Where's the money coming from?
QUESTION: "Where's the money coming from?" (Kate Stewart.10 Sept.) ANSWER: From the future, Kate. From the future!
Apart from the NZ Democrats for Social Credit Party, all the political parties are committed to debt-funding our public sector i.e. borrowing on the capital markets, the debts to be serviced mainly by future generations under the pretext of intergenerational equity - even if our descendants do not want the projects we have borrowed for today.
There are three aspects of this borrowing which voters need to understand. Firstly there is Crown debt - surely a misnomer as "Crown" is supposed to stand for this nation's sovereignty while "debt" means subservience to foreign money-lenders. Problem is that our politicians think there is a government ATM machine somewhere. We pay our taxes into it, then the Minister of Finance allocates them in the annual Budget.
Well. it can't be found in Treasury. Treasury is not a bank, though National did set up a Debt Management Office (the NZDMO) there "to manage the government's borrowing".
Over the road IS a bank, called the RBNZ - it is equipped to credit-fund our public education, railroads, DHBs etc. but that is not the policy of any of the parties currently in Parliament.Another way to burden future generations with debt is per our State Owned Enterprises - a cunning way the Lange/Labour government found to put several government responsibilities under the corporate model so requiring them to borrow heavily from private lenders who were, around the 1987 financial melt-down, pressuring governments everywhere to give them access to secure returns from essential infrastructures like electricity distribution and from the share sell-offs by Meridian and Mighty River Power. A similar story when Rodney Hide's Local Government Borrowing Bill was passed in 2011, with full support from Labour and the Greens. The Local Government Funding Agency proposed in the Bill has borrowed over $8 billion to date - and people wonder why rates keep increasing.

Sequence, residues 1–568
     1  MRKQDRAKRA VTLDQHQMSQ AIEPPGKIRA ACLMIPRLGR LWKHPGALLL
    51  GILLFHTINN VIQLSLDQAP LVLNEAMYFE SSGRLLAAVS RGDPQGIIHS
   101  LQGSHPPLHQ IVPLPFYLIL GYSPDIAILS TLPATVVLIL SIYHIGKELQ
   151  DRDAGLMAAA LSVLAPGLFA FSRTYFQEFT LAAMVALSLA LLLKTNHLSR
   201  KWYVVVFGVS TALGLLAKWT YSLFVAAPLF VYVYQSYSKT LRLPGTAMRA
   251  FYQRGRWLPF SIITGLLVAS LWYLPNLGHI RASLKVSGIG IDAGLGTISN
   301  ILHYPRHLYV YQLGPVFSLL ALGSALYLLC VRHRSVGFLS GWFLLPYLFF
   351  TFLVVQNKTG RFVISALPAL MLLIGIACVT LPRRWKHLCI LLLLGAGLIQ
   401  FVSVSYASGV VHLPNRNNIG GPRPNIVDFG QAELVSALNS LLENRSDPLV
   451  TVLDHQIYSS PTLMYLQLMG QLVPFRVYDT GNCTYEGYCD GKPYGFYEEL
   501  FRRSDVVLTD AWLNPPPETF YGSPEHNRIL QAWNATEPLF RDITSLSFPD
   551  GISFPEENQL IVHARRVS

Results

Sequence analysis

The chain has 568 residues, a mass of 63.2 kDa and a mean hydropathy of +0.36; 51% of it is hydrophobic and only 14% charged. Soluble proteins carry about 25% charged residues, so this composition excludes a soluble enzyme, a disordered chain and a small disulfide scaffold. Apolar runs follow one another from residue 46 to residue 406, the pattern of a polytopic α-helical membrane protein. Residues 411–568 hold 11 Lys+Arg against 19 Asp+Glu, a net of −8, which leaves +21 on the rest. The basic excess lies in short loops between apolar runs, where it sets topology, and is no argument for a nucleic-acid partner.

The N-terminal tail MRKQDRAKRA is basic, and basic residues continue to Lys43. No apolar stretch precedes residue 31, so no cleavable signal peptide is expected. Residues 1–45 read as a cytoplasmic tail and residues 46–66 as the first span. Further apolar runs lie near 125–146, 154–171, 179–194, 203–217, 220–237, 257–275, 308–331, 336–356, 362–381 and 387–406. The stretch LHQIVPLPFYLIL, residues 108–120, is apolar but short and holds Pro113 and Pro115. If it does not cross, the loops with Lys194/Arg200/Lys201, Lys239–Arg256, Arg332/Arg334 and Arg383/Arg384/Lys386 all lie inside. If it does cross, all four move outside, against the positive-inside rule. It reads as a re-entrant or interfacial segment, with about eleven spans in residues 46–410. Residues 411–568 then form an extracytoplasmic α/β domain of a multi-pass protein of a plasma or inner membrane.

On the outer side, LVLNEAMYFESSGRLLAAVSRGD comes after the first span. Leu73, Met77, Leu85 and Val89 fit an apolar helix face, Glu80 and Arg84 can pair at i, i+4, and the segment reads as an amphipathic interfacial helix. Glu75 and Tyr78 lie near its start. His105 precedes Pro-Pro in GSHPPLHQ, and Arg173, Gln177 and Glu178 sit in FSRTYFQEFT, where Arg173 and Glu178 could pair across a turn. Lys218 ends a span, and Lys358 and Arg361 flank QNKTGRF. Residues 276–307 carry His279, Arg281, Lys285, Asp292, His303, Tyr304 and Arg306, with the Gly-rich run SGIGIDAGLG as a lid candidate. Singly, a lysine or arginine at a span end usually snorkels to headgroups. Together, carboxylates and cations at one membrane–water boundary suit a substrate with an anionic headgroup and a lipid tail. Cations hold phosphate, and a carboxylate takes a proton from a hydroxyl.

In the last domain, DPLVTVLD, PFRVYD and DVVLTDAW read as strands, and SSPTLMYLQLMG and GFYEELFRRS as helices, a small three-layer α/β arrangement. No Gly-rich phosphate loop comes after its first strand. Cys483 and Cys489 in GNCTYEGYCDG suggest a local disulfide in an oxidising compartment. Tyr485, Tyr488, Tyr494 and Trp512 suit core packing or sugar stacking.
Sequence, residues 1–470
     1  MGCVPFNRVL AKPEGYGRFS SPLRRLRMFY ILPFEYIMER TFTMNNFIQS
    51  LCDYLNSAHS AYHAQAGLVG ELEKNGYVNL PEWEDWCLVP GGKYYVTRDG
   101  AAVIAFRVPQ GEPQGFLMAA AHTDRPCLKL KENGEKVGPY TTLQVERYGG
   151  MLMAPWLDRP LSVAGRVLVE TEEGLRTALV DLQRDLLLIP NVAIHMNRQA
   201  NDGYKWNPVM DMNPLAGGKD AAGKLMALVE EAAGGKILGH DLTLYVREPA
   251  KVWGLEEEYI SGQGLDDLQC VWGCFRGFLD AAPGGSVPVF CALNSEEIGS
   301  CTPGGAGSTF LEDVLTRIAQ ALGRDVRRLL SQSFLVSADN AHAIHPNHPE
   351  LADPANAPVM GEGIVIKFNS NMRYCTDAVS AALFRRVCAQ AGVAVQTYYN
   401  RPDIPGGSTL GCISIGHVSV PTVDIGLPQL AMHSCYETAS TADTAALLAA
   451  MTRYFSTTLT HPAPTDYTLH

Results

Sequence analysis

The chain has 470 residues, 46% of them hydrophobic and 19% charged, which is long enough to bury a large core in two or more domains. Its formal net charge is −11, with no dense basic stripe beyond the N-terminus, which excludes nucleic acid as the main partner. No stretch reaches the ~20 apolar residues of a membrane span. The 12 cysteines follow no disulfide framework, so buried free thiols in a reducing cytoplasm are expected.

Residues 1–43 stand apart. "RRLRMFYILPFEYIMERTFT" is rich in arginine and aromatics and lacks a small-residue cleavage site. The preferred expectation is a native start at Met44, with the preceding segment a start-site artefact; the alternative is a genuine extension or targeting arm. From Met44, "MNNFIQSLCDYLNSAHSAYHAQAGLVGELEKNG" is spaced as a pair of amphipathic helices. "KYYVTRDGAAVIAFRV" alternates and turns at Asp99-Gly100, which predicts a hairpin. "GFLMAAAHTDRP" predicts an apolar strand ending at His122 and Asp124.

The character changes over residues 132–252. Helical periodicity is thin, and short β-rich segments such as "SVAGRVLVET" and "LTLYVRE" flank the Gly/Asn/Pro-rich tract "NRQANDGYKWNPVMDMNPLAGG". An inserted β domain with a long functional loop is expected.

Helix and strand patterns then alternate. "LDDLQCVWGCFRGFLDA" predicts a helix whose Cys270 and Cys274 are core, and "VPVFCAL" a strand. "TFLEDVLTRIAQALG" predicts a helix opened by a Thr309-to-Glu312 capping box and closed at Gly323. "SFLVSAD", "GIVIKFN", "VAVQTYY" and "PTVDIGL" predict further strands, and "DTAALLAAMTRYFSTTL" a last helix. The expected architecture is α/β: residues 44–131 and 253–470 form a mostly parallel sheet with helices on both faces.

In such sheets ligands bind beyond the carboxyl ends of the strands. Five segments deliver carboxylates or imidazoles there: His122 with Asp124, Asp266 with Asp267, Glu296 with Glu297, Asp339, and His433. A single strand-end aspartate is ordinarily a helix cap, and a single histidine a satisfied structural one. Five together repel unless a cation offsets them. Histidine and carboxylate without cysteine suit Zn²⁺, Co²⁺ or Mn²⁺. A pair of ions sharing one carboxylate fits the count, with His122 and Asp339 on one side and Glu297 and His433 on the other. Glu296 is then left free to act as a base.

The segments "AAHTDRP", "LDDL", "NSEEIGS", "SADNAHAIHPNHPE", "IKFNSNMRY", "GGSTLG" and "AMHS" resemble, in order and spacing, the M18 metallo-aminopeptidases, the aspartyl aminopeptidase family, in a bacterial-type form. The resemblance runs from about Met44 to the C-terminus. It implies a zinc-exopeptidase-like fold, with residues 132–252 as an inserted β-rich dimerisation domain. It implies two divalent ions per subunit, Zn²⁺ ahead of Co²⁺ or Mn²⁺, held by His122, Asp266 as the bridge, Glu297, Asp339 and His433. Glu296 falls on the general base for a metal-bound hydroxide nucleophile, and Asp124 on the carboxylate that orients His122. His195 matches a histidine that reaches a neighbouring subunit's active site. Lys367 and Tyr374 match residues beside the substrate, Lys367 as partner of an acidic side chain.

Hang on! Nearly forgot the fourth way to tax the future, so making the next Budget look more benign. Arrange Public-Private-Partnerships (PPPs) to build schools, hospitals, roads. Private corporations do the construction, then we pay rent until (perhaps) we one day buy back using that elusive "ATM" machine, or borrow more from the financiers.
We can expect approval for such a scheme from National. But shocking to hear the Labour leadership giving it the nod!Sad to think that very few young folk are aware of how the parties are competing with each other to lure them into future debt.
The good news is that some enlightened economists around the world now advocate central bank credit-funding for the public sector.
Okay with you, Kate Stewart?
Heather Marion Smith
(Footnote: Heather is the Seniors Advocate, and East Coast Electorate list candidate for NZ Democrats for Social Credit)
Published: September 2017